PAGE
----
Reliving the trauma
“Indelible in the hippocampus is the laughter.” “100% certain.” “As sure as I am talking to you now.” These statements, from a victim of sexual assault, will be forever remembered as the words of Dr. Christine Blasey Ford in her testimony before the Senate Judiciary Committee on the nomination of Brett Kavanaugh to the Supreme Court.
Watching her testimony, and that of her abuser, on television last week meant reliving our own traumas as survivors of sexual assault. One out of three women, six out of 10 men. Sixty percent unreported. Someone in your family, someone at work, or in your classroom has been sexually assaulted. Some, more than once. Some have not survived.
I remember being shocked, many years ago, at my first meeting of an AA group, Adult Children of Alcoholics, when a young woman spoke about incestuous abuse by her father. I was shocked not that it happened, but that she could speak of it. Her testimony gave me a window on how to recover from trauma. Still, it would be many years before I told the story of my own most memorable assault. Perhaps it was because the first person I told—my friend, employer and mentor—begged me not to tell. She convinced me it would harm the rapist, hurt his family, destroy his career. And it would have.
I had been asleep in the Marin County home in which I worked as a mother’s helper. Asleep in my room with the door closed. I was 19 and sexually active. My employers had out-of-town guests for the weekend: a friend from New York City and her husband, a young lawyer aspiring to Congress. There had been drinking that night. I may have been drinking. I don’t remember because that would not have been unusual. I went to bed before everyone else, I do recall.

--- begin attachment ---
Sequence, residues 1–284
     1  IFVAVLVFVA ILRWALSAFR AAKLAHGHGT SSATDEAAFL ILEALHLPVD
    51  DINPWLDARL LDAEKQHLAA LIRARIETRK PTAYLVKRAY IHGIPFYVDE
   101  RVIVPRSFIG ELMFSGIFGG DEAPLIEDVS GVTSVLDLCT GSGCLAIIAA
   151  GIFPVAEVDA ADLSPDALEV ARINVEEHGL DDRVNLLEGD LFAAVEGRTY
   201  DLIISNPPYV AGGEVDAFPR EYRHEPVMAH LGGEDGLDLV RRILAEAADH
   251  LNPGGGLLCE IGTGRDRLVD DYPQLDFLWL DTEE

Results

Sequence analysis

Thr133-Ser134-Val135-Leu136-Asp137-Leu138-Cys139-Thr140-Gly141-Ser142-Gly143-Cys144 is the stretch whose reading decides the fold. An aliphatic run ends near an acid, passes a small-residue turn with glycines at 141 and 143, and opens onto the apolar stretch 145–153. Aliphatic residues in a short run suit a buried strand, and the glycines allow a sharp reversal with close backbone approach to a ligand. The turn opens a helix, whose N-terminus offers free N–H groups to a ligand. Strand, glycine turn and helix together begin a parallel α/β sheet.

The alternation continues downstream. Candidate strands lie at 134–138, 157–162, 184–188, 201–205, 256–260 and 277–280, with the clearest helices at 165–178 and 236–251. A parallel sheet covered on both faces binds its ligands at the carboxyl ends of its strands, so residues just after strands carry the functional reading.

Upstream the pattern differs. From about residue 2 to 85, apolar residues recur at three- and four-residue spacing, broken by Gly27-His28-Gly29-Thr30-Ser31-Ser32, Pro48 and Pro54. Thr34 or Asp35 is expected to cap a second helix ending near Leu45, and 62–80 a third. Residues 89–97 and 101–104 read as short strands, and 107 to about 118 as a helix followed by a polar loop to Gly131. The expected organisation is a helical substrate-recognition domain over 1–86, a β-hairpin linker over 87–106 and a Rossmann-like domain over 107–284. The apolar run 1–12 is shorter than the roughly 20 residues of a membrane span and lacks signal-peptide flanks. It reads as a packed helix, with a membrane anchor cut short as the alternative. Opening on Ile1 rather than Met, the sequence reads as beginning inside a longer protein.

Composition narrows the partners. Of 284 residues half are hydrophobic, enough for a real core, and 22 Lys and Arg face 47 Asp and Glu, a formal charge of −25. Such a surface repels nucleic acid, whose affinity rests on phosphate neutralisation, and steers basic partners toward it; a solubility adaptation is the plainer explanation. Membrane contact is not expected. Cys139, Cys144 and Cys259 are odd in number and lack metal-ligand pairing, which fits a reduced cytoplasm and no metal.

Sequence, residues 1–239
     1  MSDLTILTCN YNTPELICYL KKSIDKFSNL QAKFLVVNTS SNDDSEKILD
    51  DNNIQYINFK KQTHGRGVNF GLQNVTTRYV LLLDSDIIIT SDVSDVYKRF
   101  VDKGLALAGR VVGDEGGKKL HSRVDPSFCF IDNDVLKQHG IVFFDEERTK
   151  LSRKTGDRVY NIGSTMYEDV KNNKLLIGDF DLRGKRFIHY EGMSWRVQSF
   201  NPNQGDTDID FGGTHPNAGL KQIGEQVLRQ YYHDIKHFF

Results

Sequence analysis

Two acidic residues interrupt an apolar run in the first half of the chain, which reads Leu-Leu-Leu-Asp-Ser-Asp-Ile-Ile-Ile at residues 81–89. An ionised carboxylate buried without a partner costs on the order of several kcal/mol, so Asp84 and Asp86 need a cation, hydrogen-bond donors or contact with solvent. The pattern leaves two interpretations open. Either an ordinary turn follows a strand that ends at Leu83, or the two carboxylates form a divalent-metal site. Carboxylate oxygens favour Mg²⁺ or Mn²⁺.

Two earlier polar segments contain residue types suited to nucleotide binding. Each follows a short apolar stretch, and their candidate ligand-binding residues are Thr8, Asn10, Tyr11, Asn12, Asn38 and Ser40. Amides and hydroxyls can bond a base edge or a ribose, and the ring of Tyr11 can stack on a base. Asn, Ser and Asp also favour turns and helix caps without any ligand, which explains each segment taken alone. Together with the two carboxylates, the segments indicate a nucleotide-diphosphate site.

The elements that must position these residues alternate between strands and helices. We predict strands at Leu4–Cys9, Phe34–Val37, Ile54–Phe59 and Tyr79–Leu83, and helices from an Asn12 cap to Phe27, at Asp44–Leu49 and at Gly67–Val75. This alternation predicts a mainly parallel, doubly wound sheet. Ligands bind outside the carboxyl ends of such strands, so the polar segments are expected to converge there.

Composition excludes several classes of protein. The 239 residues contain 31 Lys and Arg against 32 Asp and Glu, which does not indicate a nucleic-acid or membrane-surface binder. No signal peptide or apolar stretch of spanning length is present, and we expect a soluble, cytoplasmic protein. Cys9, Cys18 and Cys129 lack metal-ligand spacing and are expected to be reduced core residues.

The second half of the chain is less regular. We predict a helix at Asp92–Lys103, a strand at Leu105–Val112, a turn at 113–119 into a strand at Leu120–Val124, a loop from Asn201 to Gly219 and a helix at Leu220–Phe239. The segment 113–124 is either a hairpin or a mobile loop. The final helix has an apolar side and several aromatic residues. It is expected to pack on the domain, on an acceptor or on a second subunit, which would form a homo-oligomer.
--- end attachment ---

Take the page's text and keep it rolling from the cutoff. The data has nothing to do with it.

I woke from what I thought was a dream to find a man on top of me engaged in intercourse. I touched his head expecting to find the coarse curls of my lover. But seared in my memory, “indelible in the hippocampus,” was the thin fine texture of the hair of my rapist. I was horrified and afraid. I didn’t think to scream. I pushed him away and said “You better leave,” in a hushed but urgent tone. I didn’t want to offend him. Can you imagine? What lesson did I have to learn, and how early, not to want to offend the man who took my body to be his right? He left.
The next morning I told the woman who had been a mentor since I was 12 what had happened. She was sympathetic. We talked for hours it seemed, drinking coffee in her kitchen. Her husband had taken the children somewhere. The friends were gone.
She implored me not to say anything. She did not take me to the hospital or to a doctor. I did not tell my mother, not ever. I told my best friend in confidence. Years later, I told my husband and my therapist. When I wrote about rape culture in TRR in 2016, I openly revealed my experience and told my daughter privately.
Last week, watching Dr. Ford testify, I was drawn back to the trauma and the subsequent anguish it caused me; depression and anxiety that were immobilizing at times. Also anger.
One in three, six in 10. Americans went through a collective trauma last week. Those of us who lived through something similar heard the truth in Dr. Ford’s testimony. Hard as it was to hear, we thank her for it.